• Ed

    Reply Reply August 16, 2010

    The entrepreneur thinks he really dosen’t need to pay you much because when the IPO comes you’ll be “swimming in money”

    Unfortunately, the Initial Public Offering turns into Insufficient Profit Option and the only thing your swimming in is debt.

  • Corinne Edwards

    Reply Reply August 19, 2010

    I disagree. If you don’t have a job and are collecting unemployment, why not take a flyer at it?

    Especially, if you look at the project and think it just might work.

    I doubt you will get a platinum card but you might learn something from someone who can convince you to work for free.

    Wasn’t it Bill Gates who started in a garage?

  • Bruce

    Reply Reply August 19, 2010

    You are right, there is no free lunch. Money isn’t the only thing you gain from an experience. I became a Physician Assistant over 30 years ago. No one knew what we were then. I worked almost for free for those early years and lots of hours. The thing is, I got lots of very valuable experience. That base of experience has been invaluable over my career.
    I don’t recommend working for free unless it is a decision you make to gain experience in this area. Running a business with less income than expenses is risky. Without a good plan the business goes under. I know because I have had a couple that barely made it to profitability. I think my manager learned some things she never would have learned. That is probably why she is now courted by big businesses for large 6 figure salaries. Experience is very valuable and sometimes the cost is working for little or no renumeration.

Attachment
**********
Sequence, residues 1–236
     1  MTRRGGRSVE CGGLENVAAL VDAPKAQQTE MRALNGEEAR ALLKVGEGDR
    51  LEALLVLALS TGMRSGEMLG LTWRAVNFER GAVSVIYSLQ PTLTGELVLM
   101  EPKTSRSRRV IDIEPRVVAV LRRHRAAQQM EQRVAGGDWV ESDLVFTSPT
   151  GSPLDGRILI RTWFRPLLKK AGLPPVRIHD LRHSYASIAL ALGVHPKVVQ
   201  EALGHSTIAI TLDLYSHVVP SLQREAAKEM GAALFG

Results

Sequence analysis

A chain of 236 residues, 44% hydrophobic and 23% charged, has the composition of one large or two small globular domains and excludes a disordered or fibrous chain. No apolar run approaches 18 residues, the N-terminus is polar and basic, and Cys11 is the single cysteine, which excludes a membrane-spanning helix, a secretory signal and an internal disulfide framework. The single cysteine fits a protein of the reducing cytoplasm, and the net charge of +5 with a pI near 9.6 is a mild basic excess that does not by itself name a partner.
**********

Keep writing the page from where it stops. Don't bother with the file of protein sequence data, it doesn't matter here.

• Lesley

    Reply Reply August 19, 2010

    Ever heard of ‘nothing ventured nothing gained?’ I wouldn’t give up a paid job to work for this kind of guy, but if I didn’t have one, that’s a different story. I like to try different things and I’ve often had to offer my services for nothing to prove I could do what I thought I could. For me, betting on myself is no big deal.

    However, I have learned to be careful who I work with. It’s strange but when coaching some people don’t value your advice unless they pay for it, other people only value advice because they’ve paid. Neither are at the top of my list.

    Sometimes it is worth it to work for free in return for experience and recommendations. Unfortunately you can never be certain of either at the outset.

    Interesting post, thanks.

  • admin

    Reply Reply August 19, 2010

    Leslie/Bruce & Corrine: Thanks for bringing the flip side. And you are all correct; there can be enormous upside to working in these environments. Just be sure the upside you’re working towards doesn’t turn out to be a house of cards.
    —and kudos to Corrine, the first person to figure out how to include their avatar. I can’t even get it to work. Lesson please!

  • Ed

    Reply Reply August 19, 2010

    Hey, all you Pro Bono posters I’m hiring send in your resumes.

    Actually, just let me know when you can start.

    Seriously, good points in garnering experience and yes I did know Bill Gates started in a garage, I just don’t want to end up having to live in one.

  • Brendan Will

    Reply Reply August 19, 2010

    Hey Monkey make sure that you sign up for a gravitar that matches your admin email address or better create new account that matches the email for posting.

  • I agree with Corinne. If you have the time and have another source of income, taking a “job” for free for awhile is a great way to get experience. You have to make sure you want the experience offered, but experience is worth a lot. I wouldn’t quit a paying job for it though.